You've no doubt heard of "farm-to-table," the term used (and abused) to describe cuisine based on a close relationship between chefs and farmers. Now comes the boat-to-table phenomenon, which, as described by Joan Nathan in the New York Times, involves the sourcing of fish by chefs, restaurants, and retailers directly from fishermen, bypassing wholesalers in order to increase freshness:
This boat-to-table initiative is part of Trace and Trust, a program that Mr. Arnold; Christopher Brown, the head of the Rhode Island Commercial Fishermen’s Association; and Bob Westcott, another local fisherman, started this year to make fishing more lucrative and shopping more reliable. By cutting out the wholesaler, Trace and Trust lets fishermen get a bigger cut of what chefs and stores pay, and lets restaurants and retailers know they are buying the freshest fish possible. (Consumers can go to its Web site, traceandtrust.com, to find participating stores and chefs, and to trace a fish’s identification tag back to the boat or fisherman who caught it.)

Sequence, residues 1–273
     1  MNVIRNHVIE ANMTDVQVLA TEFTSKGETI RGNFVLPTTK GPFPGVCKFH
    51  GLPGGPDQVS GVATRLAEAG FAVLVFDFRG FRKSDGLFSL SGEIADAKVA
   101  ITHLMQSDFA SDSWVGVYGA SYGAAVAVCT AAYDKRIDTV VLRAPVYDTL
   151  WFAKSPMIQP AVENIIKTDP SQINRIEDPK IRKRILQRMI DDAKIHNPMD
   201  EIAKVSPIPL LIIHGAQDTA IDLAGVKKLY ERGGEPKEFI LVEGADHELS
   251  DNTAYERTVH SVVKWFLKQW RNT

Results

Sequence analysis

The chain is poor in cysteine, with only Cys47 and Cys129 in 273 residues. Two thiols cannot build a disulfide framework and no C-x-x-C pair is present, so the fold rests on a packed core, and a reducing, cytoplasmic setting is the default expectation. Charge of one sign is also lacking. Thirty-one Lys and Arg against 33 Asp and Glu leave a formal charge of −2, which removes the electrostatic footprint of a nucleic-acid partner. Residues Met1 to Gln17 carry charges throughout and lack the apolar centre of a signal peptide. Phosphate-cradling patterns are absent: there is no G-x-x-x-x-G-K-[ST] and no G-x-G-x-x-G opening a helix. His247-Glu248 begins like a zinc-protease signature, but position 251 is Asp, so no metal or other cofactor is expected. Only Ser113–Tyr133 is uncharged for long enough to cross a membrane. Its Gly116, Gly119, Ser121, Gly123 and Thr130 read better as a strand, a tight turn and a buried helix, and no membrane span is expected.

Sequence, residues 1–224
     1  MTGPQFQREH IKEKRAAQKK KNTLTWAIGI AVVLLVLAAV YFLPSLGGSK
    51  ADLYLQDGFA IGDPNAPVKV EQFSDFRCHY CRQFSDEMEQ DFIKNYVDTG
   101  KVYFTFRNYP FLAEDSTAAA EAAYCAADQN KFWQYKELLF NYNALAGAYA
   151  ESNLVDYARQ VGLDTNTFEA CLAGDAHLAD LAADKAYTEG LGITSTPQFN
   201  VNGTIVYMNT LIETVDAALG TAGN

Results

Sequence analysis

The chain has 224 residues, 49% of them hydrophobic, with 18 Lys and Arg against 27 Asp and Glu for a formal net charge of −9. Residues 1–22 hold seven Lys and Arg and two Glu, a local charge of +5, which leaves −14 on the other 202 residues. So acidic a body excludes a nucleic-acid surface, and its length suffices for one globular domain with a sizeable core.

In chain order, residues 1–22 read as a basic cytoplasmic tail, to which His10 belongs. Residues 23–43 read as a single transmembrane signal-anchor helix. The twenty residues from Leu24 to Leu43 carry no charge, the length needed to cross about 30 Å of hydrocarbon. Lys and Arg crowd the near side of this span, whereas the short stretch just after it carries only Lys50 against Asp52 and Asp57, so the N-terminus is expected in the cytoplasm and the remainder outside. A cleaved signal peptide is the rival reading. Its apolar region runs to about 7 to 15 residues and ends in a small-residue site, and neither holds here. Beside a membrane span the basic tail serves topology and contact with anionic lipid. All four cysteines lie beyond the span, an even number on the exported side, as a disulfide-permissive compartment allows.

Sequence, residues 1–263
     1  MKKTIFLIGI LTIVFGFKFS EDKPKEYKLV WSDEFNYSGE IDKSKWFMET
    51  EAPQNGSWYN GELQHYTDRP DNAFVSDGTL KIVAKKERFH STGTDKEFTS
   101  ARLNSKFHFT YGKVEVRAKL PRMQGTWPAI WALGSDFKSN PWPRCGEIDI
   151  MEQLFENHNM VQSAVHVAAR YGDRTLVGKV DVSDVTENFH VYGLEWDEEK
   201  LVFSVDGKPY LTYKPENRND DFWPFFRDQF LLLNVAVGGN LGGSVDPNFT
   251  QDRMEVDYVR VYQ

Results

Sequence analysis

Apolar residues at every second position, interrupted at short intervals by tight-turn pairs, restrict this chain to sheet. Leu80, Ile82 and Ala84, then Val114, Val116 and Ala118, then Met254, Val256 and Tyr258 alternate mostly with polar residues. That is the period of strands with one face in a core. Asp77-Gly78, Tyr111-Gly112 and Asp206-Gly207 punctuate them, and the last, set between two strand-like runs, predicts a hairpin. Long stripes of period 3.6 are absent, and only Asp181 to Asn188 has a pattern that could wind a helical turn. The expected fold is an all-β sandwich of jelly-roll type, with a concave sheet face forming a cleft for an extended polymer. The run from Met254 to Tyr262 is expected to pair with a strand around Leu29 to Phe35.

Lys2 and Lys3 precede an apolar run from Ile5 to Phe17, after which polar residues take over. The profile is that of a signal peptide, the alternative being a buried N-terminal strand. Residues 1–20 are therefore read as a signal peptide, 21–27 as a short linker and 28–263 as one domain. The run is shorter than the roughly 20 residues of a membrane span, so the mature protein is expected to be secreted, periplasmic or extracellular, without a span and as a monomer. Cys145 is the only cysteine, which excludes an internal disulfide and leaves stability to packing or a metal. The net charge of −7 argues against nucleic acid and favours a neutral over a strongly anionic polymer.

The term originates from the early 1990s, when it was used to describe new initiatives by the Food and Drug Adminsitration aimed at monitoring the seafood industry to prevent food poising.